Technology for N00bs: Video Conferencing

It’s confession time, my friends.  I, Sarah Klusak, am kind of scared of technology.  Sure, I can do a fair amount of basic computer stuff, your Facebooking and Googling and whatnot.  But then I started working at the MMLC, and I quickly realized how incredibly lacking my technology know-how is.  I mean, have you ever peeked inside the equipment cabinets behind the desk in the MMLC public lab?  I’m wary of even LOOKING at anything in there for fear of breaking it!

But that’s all changing, thanks to the lovely Cecile!   She has graciously offered to teach this “n00b" (internet slang for technology newcomer or “newbie”) how to use some of that scary equipment, and I’ll be sharing her wisdom in a series of “Technology for N00bs” blog posts.  All of these articles will have the same premise – if I can overcome my techno-fear and become comfortable with this equipment, SO CAN YOU!

Feeling rather cyborg-esque with the Logitech camera

Feeling rather cyborg-esque with the Logitech camera

Prior to starting at the MMLC, I had never tried Skype or Facetime or any of the other myriads of video conferencing programs.  Fancy video calls were fine for the folks in Back to the Future 2, not for ME!  Then my best friend moved across the country, and suddenly I had a valid reason to shed my video-phone phobia.   Enter Cecile, Logitech camera in hand, to teach me the finer points of video conferencing.  Let’s begin this adventure together, shall we?

The Basics

Thankfully, video conferencing is MUCH easier than I originally thought.  There are really only three things to consider: the microphone (audio in), the speakers (audio out), and the camera (video).  Regardless of what program you use, once you figure out these three parameters, it’s a “set it and forget it” scenario.

The easiest video conferencing situation is a one-on-one conversation using the computer‘s built-in equipment.  For the purposes of this tutorial, I’ll be using Skype on a Mac computer (this IS the MMLC, after all).  Before beginning your conversation, make a quick stop at the “Preferences” menu to verify your settings.  Click on the “Audio/Video” button and adjust the settings if/as necessary.

Whose fault?  DEFAULT! (Ugh, that was terrible.)

Whose fault? DEFAULT! (Ugh, that was terrible.)

As you can see in this picture, I’ll be using the built-in microphone, speakers, and camera for this call.  For this set-up, I didn’t even have to change anything – it automatically defaulted to the built-in options.  Once these audio/video options are set and verified, I go back to the original screen and find the person I want to call within my Contacts.  Once I know they are online (the program will show their status), I dial them up and commence the conversation!  Easy peasy!

But what if I want to use something OTHER than the computer’s built-in equipment?  What if there are 10 people on my end trying to squeeze into the frame of the computer’s camera?  What if I’m in a public space and want to use those fancy “headphones with a mic” thingies?  Fear not, my friends, because it truly is easier than it might seem!

The Fancy Schmancy

Whenever you’re using external equipment for your video calls, it’s usually a simple matter of plugging it in and letting the computer do most of the work.  A majority of this equipment will have a USB connection.  Once it’s plugged into the computer, just visit the old “Preferences” tab and click on the “Audio/Video” button (like before).  Your equipment will automatically show up as an option in the drop-down box, so just adjust your three parameters (microphone, speakers, and video) accordingly.  For instance, here’s what I chose after I plugged in those fancy headphones:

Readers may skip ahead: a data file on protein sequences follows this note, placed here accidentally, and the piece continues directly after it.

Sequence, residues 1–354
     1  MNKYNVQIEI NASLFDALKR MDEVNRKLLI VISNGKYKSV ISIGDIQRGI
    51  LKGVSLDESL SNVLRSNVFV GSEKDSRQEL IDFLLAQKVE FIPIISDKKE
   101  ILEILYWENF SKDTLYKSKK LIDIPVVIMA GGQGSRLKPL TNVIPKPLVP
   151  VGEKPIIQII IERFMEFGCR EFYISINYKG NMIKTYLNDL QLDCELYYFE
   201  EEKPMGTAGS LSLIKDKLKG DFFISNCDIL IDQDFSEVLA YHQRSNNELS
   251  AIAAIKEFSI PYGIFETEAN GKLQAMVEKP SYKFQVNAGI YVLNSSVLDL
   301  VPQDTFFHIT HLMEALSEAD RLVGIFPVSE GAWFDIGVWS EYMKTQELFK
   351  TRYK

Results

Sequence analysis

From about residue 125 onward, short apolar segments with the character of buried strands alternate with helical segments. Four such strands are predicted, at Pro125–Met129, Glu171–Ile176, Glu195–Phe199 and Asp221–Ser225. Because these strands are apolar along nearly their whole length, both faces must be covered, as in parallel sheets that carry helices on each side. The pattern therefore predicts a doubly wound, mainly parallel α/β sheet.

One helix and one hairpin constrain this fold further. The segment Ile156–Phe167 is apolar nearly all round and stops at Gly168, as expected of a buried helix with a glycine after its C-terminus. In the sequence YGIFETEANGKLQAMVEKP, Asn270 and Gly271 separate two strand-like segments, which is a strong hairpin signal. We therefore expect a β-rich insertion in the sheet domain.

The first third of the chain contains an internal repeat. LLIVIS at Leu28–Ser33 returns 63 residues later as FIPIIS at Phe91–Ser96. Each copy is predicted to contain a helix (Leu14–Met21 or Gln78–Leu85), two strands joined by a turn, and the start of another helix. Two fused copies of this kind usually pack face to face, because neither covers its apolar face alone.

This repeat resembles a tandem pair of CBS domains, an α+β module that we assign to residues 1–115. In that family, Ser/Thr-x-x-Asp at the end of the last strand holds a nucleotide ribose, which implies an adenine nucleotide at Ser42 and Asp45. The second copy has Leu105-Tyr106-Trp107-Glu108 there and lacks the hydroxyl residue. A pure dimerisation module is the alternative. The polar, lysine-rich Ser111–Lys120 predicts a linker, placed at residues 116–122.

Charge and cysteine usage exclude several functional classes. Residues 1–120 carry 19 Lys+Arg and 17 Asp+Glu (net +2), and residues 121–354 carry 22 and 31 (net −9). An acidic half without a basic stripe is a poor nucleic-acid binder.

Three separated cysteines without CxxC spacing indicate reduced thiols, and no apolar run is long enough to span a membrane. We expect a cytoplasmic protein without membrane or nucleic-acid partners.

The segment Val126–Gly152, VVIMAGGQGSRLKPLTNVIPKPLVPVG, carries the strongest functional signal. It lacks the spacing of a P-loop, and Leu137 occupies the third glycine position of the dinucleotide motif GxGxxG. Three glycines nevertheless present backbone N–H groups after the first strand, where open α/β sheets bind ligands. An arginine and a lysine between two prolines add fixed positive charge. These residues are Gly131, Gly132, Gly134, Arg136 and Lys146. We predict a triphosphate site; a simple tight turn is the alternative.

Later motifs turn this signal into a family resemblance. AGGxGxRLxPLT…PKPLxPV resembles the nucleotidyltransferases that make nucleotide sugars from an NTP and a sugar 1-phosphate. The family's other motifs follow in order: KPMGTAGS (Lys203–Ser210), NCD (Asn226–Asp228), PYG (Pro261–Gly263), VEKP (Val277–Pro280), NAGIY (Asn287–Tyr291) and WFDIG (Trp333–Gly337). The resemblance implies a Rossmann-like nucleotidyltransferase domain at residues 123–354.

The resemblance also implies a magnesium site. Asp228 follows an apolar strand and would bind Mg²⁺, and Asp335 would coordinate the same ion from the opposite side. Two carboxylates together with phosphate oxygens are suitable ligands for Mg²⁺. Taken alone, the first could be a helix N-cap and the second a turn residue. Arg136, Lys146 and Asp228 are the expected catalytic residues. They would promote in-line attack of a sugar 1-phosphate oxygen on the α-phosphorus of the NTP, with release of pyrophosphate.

Rockin' those headphones like a BOSS!

Rockin’ those headphones like a BOSS!

Now, let’s move on to the really fun stuff – the Logitech camera kit, which can be checked out from the MMLC’s public lab (Kresge 1-335).  This thing looks like some sort of alien sent to take over the world (and maybe it IS), but don’t get too intimidated.  The Logitech is basically just a camera, microphone, and speaker system specifically made for video conferencing.

Logitech: Deconstructed

Logitech: Deconstructed

After you connect the power cord and camera to the base, just plug the power cord into an outlet and connect the USB to your computer.  Then you’ll follow the same basic steps as before – “Preferences” tab, “Audio/Video” button, and adjust the settings as necessary.  If you want to completely customize the settings, now’s your time to do it.  Do you want to use the Logitech camera and speakers, but speak into the computer’s built-in microphone?  You can do that!  It’s all adjusted in this same window, so feel free to go crazy!

Doesn't this thing look like the Eye of Sauron when it's all set up?

Doesn’t this thing look like the Eye of Sauron when it’s all set up?

One of my favorite things about the Logitech camera is that is has a remote control.  While you lean back in your chair on the other side of the room, you can move the camera around, zoom in and out, lower and raise the volume, you name it!  I suggest simulating an earthquake during your next important conference call, just to keep everyone on their toes.

Are you a n00b like me?  Do you want to learn more about a certain type of equipment or technology?  Leave a comment or send me an email ( with any suggestions for my next “Technology for N00bs” article!